= new Lazy<IEnumerable<Category>>(() => /* Db call to populate */);

public static IEnumerable<Category> AllCategories 
    get { return _allCategories.Value; } 

I took the liberty of changing the type to IEnumerable<Category> to prevent callers from thinking they can add to this list.

That said, any time you're accessing a public static member, you're missing out on a lot of flexibility that Object-Oriented Programming has to offer. I'd personally recommend that you:

  1. Rename the class to CategoryRepository (or something like that),
  2. Make this class implement an ICategoryRepository interface, with a GetAllCategories() method on the interface, and
  3. Have this interface be constructor-injected into any classes that need it.

This approach will make it possible for you to unit test classes that are supposed to do things with all the categories, with full control over which "categories" are tested, and without the need for a database call.

share|improve this answer
I agree that "cache" may not be the correct word - but "lazily-loaded globally-accessible variable" doesn't roll off the tounge quite the same :) I hadn't heard of Lazy before and I will be using it whenever I need a lazy loaded variable now. – sfsr May 13 '11 at 14:40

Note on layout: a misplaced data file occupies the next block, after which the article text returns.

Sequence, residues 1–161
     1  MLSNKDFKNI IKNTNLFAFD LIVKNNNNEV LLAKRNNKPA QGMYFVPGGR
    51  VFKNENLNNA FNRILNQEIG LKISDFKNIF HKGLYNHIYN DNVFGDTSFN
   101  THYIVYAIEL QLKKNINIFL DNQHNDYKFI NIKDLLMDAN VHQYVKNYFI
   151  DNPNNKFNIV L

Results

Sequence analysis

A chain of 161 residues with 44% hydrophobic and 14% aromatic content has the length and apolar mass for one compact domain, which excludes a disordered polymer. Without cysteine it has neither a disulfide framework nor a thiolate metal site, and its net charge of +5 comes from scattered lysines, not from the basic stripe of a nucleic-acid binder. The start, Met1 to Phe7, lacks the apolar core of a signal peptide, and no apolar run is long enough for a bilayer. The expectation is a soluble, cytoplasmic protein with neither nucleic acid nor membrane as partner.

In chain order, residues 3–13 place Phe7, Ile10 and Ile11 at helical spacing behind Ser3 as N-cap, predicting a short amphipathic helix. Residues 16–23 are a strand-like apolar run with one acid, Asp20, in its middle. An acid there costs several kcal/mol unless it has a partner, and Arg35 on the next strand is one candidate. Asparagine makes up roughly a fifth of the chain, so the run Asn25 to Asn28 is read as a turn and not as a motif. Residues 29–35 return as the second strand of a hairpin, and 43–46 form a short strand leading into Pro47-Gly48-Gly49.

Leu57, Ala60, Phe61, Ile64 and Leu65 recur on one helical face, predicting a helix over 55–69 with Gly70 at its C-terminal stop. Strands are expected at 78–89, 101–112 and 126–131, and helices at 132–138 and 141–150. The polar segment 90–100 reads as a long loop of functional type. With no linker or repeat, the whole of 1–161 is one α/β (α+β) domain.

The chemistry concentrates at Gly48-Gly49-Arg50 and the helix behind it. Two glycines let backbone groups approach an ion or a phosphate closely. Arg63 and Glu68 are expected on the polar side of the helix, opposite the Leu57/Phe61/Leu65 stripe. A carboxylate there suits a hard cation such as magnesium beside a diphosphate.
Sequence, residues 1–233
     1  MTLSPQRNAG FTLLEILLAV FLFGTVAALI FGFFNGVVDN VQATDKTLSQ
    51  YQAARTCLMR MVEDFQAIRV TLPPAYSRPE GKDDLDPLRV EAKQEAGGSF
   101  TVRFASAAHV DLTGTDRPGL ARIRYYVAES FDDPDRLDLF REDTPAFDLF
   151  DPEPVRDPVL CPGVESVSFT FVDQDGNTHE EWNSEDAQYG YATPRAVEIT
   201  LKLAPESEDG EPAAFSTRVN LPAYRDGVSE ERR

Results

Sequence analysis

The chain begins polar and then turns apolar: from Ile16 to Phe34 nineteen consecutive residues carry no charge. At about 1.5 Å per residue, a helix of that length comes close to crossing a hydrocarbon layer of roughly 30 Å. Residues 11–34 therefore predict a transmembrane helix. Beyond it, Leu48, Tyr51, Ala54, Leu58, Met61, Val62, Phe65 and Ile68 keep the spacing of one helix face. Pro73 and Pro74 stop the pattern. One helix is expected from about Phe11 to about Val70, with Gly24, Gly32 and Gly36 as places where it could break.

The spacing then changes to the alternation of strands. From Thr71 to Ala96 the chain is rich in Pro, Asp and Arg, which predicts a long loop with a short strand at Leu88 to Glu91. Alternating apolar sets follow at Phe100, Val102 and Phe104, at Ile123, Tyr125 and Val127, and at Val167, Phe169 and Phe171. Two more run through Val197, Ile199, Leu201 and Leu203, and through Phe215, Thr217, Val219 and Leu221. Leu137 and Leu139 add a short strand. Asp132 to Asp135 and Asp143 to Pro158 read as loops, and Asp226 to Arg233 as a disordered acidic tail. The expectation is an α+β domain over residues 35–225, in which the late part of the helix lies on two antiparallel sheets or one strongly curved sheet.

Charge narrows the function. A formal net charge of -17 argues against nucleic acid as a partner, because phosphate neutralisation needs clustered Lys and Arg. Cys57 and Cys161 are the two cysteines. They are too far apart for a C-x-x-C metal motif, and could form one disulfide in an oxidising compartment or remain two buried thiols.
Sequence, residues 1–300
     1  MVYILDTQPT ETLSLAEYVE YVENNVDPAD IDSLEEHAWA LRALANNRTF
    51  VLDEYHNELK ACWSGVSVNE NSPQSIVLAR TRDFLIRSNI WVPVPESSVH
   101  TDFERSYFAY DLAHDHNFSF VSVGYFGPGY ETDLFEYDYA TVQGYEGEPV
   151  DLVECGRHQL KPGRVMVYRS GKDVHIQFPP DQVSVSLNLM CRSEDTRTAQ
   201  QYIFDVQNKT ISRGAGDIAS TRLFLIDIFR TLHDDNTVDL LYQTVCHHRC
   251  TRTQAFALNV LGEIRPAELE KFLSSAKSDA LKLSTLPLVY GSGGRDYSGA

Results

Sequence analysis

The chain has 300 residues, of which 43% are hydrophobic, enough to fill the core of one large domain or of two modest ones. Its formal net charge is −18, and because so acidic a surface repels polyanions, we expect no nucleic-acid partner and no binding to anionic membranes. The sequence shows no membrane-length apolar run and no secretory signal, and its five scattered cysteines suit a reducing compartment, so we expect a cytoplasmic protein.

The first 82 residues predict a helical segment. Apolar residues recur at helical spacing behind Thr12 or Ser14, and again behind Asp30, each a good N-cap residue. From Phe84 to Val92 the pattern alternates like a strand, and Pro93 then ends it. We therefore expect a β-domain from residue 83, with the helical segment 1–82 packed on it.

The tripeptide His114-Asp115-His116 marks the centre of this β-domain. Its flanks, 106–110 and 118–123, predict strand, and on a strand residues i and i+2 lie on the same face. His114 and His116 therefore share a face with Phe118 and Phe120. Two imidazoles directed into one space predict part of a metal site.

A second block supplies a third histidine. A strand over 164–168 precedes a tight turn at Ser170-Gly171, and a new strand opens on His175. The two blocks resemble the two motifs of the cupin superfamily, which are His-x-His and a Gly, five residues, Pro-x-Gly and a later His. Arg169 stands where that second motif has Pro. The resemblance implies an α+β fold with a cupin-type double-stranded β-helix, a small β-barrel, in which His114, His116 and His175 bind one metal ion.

System.Runtime.Caching and System.Web.Caching have automatic expiration control, that can be based on file-changes, SQL Server DB changes, and you can implement your own "changes provider". You can even create dependecies between cache entries.

See this link to know more about the System.Caching namespace:


All of the features I have mentioned are documented in the link.

Using static variables, would require manual control of expiration, and you would have to use file system watchers and others that are provided in the caching namespace.

share|improve this answer
Wow - you guys are fast :) That is a great point. I can totally see the need for that in more complex situations - but assuming the category list in the original question is a fixed list (meaning changes will be very rare), and I don't want it to expire - I assume the additional overhead needed to maintain that expiration control would actually be a vote for using static variables since they would be more performant in this case. BTW - I want to have this discussion and want to dig into these types of things - I am not trying to be stubborn - just making the case on the other side. – sfsr May 13 '11 at 2:03